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UNIVERSITY OF VAASA

FACULTY OF TECHNOLOGY

TELECOMMUNICATION ENGINEERING

Kabinad Teshager

STRATEGIC USE OF WI-FI IN MOBILE BROADBAND


NETWORKS

Masters thesis for the degree of Master of Science in Technology submitted for
inspection in Vaasa, 21st of May, 2011.

Supervisor Prof. (Tech) Mohammed Elmusrati

Instructor M.Sc .(Tech ) Reino Virrankoski


Johan Kaustinen ( Anvia Oyj )
2

ACKNOWLEDGMENTS

First, I would like to thank my supervisor professor Mohammed Elmusrati for his
support, sharing his expertise, and fruitful discussions. I would also like to thank my
instructors Johan Kaustine and Reino Virrankoski. You have all inspired me and made
the work progress well.

My research has been funded by Anvia Oyj . I really enjoyed the experience of working
in a cooperative and friendly environment at Anvia Oyj. I have received enormous
experience by interacting and collaborating with Johan Kaustinen, Reino Lahdemaki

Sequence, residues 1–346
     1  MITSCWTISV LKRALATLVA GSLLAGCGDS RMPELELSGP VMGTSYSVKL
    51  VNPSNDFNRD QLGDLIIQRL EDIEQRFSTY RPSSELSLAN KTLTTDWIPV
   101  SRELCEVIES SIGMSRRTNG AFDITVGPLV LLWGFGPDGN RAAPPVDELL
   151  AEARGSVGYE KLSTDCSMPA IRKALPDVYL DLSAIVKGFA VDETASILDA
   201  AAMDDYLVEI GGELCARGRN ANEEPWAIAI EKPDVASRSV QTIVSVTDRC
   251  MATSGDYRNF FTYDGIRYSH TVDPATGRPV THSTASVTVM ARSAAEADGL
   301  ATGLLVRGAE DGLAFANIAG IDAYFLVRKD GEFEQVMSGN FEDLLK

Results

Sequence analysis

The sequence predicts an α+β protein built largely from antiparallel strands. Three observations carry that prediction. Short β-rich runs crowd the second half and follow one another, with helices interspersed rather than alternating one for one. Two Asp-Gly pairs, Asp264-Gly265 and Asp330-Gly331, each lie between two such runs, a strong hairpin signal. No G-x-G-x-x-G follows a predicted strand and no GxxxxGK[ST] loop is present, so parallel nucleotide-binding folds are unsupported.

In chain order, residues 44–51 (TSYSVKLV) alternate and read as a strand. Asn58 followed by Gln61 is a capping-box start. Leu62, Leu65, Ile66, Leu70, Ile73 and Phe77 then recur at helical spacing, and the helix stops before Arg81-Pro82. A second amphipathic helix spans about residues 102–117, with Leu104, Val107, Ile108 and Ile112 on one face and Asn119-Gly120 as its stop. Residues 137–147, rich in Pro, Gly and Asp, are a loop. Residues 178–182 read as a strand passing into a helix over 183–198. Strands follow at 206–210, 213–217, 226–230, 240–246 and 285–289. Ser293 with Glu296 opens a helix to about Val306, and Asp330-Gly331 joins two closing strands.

and Esa Honkonen. Thank you all.

Finally I would like to express my special thanks and gratitude to my dearest parents,
Teshager and Etagegnehu, and all my friends for their sincere supplication, feelings and
love throughout the whole master study and the work with this thesis.

Vaasa, May 10th 2011

Kabinad Teshager
3

TABLE OF CONTENTS

ACKNOWLEDGMENTS ................................................................................................ 2
TABLE OF CONTENTS ................................................................................................. 3
LIST OF ABBREVATIONS ............................................................................................ 5